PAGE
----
It’s little wonder that cattle producers across the country are increasing their herd sizes and keeping calves on pasture longer before selling them to the feedlots. Thanks to this year’s renewed rainfall, ranges and pasture are in the best shape in years.
But that’s about to change. Seasonally, some grasses wither in the heat of summer, providing low-quality grazing for the rest of the year. There may be ample plant material, but the nutritional quality of the grass goes way down. This is why the pasture quality tends to go down starting about now.
Other grasses provide a more stable level of nutrition throughout the growing season.
Contained within the weekly USDA National Agricultural Statistics Service crop condition reports are assessments on the condition of ranges and pastures. Assessing the percentage of total pastures that were rated poor or very poor and then graphing the results gives a clear picture of what is going on and where.
The Livestock Marketing Information Center has done that, and the results clearly show the fewest pastures rated poor to very poor in years.
PASTURE QUALITY IMPROVING
The number of pastures rated poor to very poor has been higher in recent years because of an extended drought in the Southern Plains and at times part of the Southeast. California’s current drought also is withering pastures there.
However, as rain drenches parched grasslands, and improves overall pasture and range conditions, the percentage of pastures rated poor to very poor declines, as they did last year. As last year’s ratings get factored into the five-year average, the new normal of US pastures rated poor to very poor will decline, although there will be differences.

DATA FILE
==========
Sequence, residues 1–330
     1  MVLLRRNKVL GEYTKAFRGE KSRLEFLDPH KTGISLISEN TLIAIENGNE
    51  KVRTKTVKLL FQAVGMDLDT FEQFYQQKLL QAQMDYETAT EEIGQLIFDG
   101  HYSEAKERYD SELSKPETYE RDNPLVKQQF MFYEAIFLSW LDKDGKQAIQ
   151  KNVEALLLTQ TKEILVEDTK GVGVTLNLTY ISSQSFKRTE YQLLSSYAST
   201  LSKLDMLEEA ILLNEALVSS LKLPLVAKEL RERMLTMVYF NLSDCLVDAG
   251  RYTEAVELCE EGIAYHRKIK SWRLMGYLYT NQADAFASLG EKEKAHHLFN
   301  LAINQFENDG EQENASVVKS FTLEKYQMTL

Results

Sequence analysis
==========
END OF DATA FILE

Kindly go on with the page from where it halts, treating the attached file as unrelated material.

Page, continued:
For instance, the five-year average of weekly ratings of pastures rated poor to very poor in the western region will tend to flatten, while pastures in the Southeast will continue to show a seasonal tendency to rise. Last year’s poor-to-very-poor ratings rose through the summer, mirroring the previous five-year average, although at a lower level.
In all areas, though, pastures improved last year and will pull the average poor-to-very-poor ratings down as they factor in statistically.
CASH CATTLE TRADE MOSTLY QUIET
Cash cattle markets were mostly quiet again Wednesday ahead of a holiday-shortened kill week. There were reports of a trade in Nebraska’s dressed market at $240 per cwt, compared with last week’s range of $238 to $242. The reports even were said to help deflate the futures market Wednesday.
However, the USDA reports only 120 head sold that way, a number that likely only brought about psychological pressure to futures prices.
Bids in live-basis market were expected near $148 to $150 per cwt, while asking prices were expected to hold at $152 to $153, versus last week’s $148 to $150.
Wholesale beef prices were up Wednesday, with the USDA reporting its choice cutout value at $256.12 per cwt, up $1.99, and its select cutout at $250.39, up $2.40. Volume was moderate with 110 loads of fabricated product moving into the spot market.
The CME Feeder Cattle Index for the seven days ended Tuesday was $227.88 per cwt, up $0.22, compared with Wednesday’s Aug settlement of $223.55.